# Sharing a std::vector between threads

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I'm a bit new to multithreading and have read some on mutexes, critical sections, and other interesting ways to share information between threads. Which is the best way to share a std:vector between 2 threads? Or is there a best way? I don't want to have copies of it, and I need read/write access by both threads (e.g. so I can use the [] operator and the push_back() function). Is this possible?

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You need exactly one mutex (or critical section in Microsoft speak). Every time one of your threads wants to do anything with the vector (add elements to it, read the nth element, remove an element, etc.), it first needs to acquire the mutex. When it's done fiddling with the vector, it must release the mutex. That's all there's to it really.

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Yes. Make sure the thread that reads or writes to it always owns the mutex that's locking it every time you're reading or writing from it.

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Okay, I'm not quite sure if I understand precisely the implementation of a critical section; is it just there as a sort of flag? Do I use it to know if I can access the data? Or does it hold the data itself?

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A critical section is just some sort of a lock. You need one of these to protect each resource contended between 2 more threads. Your vector is such a contended resource. The mutex (i.e. the critical section) ensures that only ONE thread at a time can access the vector because each thread that wants to access the vector will first have to acquire the mutex. While that thread owns the mutex, all other threads trying to acquire it are blocked (and hence cannot mess with the vector). Then as soon as the thread currently owning the mutex releases it, one of the waiting threads acquires it and can subsequently access the vector. Does that makes sense?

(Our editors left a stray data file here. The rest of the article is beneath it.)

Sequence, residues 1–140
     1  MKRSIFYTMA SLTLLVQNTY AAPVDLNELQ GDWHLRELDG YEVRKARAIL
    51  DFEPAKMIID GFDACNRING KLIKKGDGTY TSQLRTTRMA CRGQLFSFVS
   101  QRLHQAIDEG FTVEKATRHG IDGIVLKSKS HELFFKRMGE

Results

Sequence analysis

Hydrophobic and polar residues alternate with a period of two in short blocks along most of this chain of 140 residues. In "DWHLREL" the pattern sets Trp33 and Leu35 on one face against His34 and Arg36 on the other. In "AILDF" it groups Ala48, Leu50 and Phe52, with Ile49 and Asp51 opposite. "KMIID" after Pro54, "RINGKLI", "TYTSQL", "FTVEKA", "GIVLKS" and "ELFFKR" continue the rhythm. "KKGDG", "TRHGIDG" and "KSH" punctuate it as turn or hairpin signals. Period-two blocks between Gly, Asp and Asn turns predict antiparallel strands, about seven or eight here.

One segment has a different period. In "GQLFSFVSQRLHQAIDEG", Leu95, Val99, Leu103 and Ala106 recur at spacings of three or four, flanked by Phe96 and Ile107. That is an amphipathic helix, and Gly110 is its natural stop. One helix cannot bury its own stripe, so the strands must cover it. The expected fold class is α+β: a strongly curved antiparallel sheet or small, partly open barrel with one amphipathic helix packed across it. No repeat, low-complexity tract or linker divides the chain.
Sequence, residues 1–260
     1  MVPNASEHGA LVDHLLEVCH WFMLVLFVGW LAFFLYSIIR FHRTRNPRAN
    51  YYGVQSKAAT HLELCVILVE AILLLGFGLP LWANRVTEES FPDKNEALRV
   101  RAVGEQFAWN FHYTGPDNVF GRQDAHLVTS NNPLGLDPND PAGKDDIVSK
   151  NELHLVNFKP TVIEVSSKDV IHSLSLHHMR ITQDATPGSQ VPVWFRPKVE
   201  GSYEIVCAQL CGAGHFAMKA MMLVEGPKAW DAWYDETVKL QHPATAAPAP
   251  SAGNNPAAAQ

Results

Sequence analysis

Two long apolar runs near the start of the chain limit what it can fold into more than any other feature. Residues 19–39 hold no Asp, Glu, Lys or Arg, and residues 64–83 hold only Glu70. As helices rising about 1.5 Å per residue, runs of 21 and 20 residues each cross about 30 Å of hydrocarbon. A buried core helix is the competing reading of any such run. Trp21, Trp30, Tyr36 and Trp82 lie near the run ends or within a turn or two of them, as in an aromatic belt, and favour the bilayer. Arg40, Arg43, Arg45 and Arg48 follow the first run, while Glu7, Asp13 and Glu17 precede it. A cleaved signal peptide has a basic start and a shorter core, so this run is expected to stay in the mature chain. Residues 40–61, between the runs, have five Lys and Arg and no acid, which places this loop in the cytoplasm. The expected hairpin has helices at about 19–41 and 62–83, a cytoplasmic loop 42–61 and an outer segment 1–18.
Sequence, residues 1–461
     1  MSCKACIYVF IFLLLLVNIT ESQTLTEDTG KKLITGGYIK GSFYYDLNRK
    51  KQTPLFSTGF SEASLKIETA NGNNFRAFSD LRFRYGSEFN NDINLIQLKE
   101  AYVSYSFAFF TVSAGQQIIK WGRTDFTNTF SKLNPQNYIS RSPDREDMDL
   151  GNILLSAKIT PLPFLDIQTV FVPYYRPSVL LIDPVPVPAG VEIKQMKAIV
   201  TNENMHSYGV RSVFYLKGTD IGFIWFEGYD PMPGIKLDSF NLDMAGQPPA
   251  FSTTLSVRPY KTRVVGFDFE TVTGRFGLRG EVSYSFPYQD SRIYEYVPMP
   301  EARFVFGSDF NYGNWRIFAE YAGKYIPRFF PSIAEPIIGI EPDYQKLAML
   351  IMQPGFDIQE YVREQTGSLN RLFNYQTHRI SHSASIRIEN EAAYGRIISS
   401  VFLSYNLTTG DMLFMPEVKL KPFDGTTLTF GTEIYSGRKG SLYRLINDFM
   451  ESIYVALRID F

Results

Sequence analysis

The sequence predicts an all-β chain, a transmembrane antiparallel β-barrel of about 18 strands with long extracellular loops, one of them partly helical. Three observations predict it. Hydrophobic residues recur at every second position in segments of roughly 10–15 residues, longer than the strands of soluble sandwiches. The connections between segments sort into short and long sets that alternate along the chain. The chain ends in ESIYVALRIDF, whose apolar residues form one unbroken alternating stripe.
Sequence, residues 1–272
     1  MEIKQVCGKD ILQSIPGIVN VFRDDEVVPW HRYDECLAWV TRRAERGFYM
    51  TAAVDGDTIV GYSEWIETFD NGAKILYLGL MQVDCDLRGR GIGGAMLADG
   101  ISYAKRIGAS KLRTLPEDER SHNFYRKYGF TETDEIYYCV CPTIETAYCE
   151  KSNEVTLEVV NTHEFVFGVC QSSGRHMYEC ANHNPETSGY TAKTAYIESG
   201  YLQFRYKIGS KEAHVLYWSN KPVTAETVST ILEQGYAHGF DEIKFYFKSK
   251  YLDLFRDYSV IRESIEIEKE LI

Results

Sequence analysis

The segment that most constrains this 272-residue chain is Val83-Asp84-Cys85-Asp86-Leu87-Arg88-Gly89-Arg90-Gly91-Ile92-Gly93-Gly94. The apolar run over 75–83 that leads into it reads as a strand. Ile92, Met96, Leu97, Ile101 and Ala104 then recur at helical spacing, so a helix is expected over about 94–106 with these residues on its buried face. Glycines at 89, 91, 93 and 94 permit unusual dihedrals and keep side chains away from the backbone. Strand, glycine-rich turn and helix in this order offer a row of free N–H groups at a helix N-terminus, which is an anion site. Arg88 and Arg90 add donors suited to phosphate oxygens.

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Quote:
 Original post by CrazyCamelOkay, I'm not quite sure if I understand precisely the implementation of a critical section; is it just there as a sort of flag? Do I use it to know if I can access the data? Or does it hold the data itself?

You're not supposed to implement a "critical section", just use the ones provided by the operating system.

Think of a mutex (critical section) this way:

In order to enter the public rest-room (the public rest room is the vector) at the gas station, you need to have the key (the key is the mutex). You walk up to the attendant (the attendant is the operating system), and ask for it (at this point, you are a thread asking for the mutex). The attendant tells you that someone already has the key, so you will have to wait (another thread has the mutex).

After a while, the person who had the key comes out of the rest room back and hands the key to the attendant (the thread that was using the vector is done and releases the mutex). You take the key from the attendant and have access to the rest-room (you are now a thread that owns the mutex, and can use the vector).

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I think everyone here is clear on this but just in case... a critical section and a mutex are not the same thing in windows terminology:)

A Mutex is a Kernel level lock( and partially because of this it is Operating System wide).